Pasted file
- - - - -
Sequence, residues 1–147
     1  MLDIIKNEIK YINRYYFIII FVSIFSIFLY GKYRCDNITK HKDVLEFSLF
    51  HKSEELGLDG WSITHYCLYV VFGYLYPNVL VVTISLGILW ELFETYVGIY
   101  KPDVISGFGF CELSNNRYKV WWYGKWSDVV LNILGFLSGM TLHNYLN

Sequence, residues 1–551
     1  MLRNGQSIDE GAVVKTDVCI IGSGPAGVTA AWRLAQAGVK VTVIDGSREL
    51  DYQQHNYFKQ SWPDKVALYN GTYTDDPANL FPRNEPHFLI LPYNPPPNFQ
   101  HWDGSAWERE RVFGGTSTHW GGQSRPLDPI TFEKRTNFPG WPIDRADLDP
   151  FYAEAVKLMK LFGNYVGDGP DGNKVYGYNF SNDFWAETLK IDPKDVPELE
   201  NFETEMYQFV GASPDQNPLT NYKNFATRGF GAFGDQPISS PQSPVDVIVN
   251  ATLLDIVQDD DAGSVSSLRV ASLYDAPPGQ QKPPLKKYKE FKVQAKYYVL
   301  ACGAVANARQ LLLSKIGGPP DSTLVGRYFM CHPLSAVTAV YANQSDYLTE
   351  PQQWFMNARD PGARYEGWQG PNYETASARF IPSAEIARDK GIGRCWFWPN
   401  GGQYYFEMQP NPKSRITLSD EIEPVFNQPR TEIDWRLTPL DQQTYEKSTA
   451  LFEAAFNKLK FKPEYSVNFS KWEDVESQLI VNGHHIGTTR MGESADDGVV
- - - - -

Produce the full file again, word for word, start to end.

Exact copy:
Sequence, residues 1–147
     1  MLDIIKNEIK YINRYYFIII FVSIFSIFLY GKYRCDNITK HKDVLEFSLF
    51  HKSEELGLDG WSITHYCLYV VFGYLYPNVL VVTISLGILW ELFETYVGIY
   101  KPDVISGFGF CELSNNRYKV WWYGKWSDVV LNILGFLSGM TLHNYLN

Sequence, residues 1–551
     1  MLRNGQSIDE GAVVKTDVCI IGSGPAGVTA AWRLAQAGVK VTVIDGSREL
    51  DYQQHNYFKQ SWPDKVALYN GTYTDDPANL FPRNEPHFLI LPYNPPPNFQ
   101  HWDGSAWERE RVFGGTSTHW GGQSRPLDPI TFEKRTNFPG WPIDRADLDP
   151  FYAEAVKLMK LFGNYVGDGP DGNKVYGYNF SNDFWAETLK IDPKDVPELE
   201  NFETEMYQFV GASPDQNPLT NYKNFATRGF GAFGDQPISS PQSPVDVIVN
   251  ATLLDIVQDD DAGSVSSLRV ASLYDAPPGQ QKPPLKKYKE FKVQAKYYVL
   301  ACGAVANARQ LLLSKIGGPP DSTLVGRYFM CHPLSAVTAV YANQSDYLTE
   351  PQQWFMNARD PGARYEGWQG PNYETASARF IPSAEIARDK GIGRCWFWPN
   401  GGQYYFEMQP NPKSRITLSD EIEPVFNQPR TEIDWRLTPL DQQTYEKSTA
   451  LFEAAFNKLK FKPEYSVNFS KWEDVESQLI VNGHHIGTTR MGESADDGVV